Menu Close

Touring Youth Play Addresses Suicide in Rural Towns

006 Cutting sceneDuring the final two weeks of April, a new youth theatre troupe called Listen Up, Lanark County! will be touring to Almonte/Mississippi Mills, Carleton Place, Smiths Falls and Perth. Staging a new hour-long play entitled Jessie’s Song, it focuses on the ripple effects of teen suicide on a community.

Produced by Burning Passions Theatre, the project is a collaborative effort by a quartet of teenagers who have worked to develop the play, facilitated by the company’s Artistic Producer Laurel Smith, who also helms the summertime Classic Theatre Festival in Perth. Also working with the troupe will be Community Engagement Intern and recent Carleton University Bachelor of Social Work graduate, Gillian Scott.

“It’s a great opportunity for young people to come together and, in an unfiltered way, express their most honest and heartfelt thoughts about the compelling challenges they face on a daily basis, obstacles which tend to be invisible to so many of us in the adult world,” says Smith.

Listen Up, Lanark County! is in its second year following a successful 2015 launch, which played at the 001 Abuse scenenational Youth Centres Canada conference before hundreds of teenagers from across the country and in Perth as well. The project was created to address uniquely rural challenges faced by teenagers, from the lack of transportation and youth homelessness to issues of gender fluidity, depression and anxiety, sexual assault, substance abuse, and self-harm.

Many of those challenges have been documented in reports by regional health units and in media coverage that reveals the significant risks faced by a younger demographic. A 2015 report by the Canadian Institute for Health Information found that emergency hospitalization involving at least one overnight stay for young people aged 5 to 24 to address mental health crises had increased 37% in the last seven years, with the age group most affected 15 to 17.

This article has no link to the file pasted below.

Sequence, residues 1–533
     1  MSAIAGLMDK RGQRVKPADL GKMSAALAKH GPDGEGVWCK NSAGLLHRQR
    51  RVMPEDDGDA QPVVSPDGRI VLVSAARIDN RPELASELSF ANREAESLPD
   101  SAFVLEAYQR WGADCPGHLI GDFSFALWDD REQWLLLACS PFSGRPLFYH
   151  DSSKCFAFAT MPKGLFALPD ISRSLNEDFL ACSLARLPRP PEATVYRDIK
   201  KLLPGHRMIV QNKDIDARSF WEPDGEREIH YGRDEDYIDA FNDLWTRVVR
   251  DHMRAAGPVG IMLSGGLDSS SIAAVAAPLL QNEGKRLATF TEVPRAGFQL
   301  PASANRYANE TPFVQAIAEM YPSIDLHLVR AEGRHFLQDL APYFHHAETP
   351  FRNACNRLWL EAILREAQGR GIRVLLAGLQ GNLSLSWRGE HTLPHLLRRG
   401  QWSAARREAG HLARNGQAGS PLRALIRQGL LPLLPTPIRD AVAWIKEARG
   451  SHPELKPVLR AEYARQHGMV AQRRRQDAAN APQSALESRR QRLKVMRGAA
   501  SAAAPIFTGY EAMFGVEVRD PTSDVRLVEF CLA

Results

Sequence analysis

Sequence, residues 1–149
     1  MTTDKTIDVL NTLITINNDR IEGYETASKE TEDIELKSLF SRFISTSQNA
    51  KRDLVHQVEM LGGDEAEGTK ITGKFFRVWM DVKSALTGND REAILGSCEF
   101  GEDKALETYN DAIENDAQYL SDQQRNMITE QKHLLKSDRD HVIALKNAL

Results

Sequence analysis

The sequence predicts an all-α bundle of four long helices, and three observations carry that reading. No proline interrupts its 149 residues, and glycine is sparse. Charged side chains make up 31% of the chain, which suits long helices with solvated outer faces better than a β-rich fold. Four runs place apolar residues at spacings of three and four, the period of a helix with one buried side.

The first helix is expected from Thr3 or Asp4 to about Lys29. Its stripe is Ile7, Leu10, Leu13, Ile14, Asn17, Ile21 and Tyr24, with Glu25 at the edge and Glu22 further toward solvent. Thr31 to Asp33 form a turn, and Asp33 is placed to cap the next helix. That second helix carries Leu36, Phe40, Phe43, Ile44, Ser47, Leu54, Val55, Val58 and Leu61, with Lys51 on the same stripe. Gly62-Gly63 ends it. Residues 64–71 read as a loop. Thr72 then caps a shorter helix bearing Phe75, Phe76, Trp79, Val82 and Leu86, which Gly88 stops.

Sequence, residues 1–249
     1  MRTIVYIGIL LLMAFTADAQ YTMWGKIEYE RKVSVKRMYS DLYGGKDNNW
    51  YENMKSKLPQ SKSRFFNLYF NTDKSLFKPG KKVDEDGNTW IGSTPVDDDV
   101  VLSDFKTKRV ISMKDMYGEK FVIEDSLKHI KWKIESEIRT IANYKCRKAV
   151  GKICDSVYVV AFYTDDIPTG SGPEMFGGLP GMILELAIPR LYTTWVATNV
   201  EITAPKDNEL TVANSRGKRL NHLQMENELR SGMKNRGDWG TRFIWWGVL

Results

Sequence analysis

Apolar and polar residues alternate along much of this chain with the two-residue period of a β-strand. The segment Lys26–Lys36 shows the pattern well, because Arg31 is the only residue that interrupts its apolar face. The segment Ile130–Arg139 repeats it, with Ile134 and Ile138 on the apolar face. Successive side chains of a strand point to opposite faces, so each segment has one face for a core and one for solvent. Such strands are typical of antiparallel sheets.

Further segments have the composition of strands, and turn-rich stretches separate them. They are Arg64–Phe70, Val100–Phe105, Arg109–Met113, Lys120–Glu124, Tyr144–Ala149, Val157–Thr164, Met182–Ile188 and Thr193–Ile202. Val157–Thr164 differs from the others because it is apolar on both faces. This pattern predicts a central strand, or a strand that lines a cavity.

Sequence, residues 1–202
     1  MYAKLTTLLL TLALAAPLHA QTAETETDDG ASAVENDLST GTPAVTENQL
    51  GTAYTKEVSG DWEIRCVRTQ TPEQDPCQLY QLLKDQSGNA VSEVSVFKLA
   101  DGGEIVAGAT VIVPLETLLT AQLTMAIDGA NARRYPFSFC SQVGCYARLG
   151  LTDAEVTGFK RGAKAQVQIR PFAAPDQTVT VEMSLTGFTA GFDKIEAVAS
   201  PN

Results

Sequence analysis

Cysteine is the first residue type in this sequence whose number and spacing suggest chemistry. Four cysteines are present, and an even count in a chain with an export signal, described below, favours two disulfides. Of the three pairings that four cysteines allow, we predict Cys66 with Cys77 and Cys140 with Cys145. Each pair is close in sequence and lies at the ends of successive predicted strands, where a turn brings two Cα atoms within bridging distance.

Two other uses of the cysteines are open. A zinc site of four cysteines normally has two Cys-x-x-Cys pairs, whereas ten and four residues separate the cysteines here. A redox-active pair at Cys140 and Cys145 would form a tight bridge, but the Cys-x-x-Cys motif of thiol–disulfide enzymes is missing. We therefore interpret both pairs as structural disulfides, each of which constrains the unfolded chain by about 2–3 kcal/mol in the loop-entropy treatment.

The despair facing many teenagers is also reflected in statistics compiled by CHEO, which has found that 79% of children and youth assessed by crisis intervention workers in emergency had shown suicidal behavior, and over one-third had a suicide plan or had made an attempt.

“Despite this, there’s still so much stigma and silence in talking about mental health issues,” explains Smith, “and so this theatre piece is one more opportunity to have a serious discussion that is based on the real lived experiences of the young people in our own communities.”

Bullying scene websiteThis year, troupe members include Perth’s Kaija Evangelho and Tara Kreissler (veterans of the project’s first year) and newcomers Garrett Pipher of Smiths Falls and Ruby Davidson of Tay Valley.

All performances will feature a talk-back session, resource materials for people needing assistance, and an on-site social service worker who can assist with anyone who may be triggered by the content. The show is supported by the Ontario Arts Council, the Perth & District Community Foundation, YAK Youth Services, Kiwanis Club of Perth-on-Tay, Lioness Club of Perth, First Baptist Church, Unifor, Basilian Human Development Fund, and the Crabtree Foundation.

All performances are free (donations will be gratefully accepted, but no one will be turned away for lack of funds). To see the performance schedule and for more information:
visit, call (613) 264-8088, or email

Leave a Reply

Scroll Up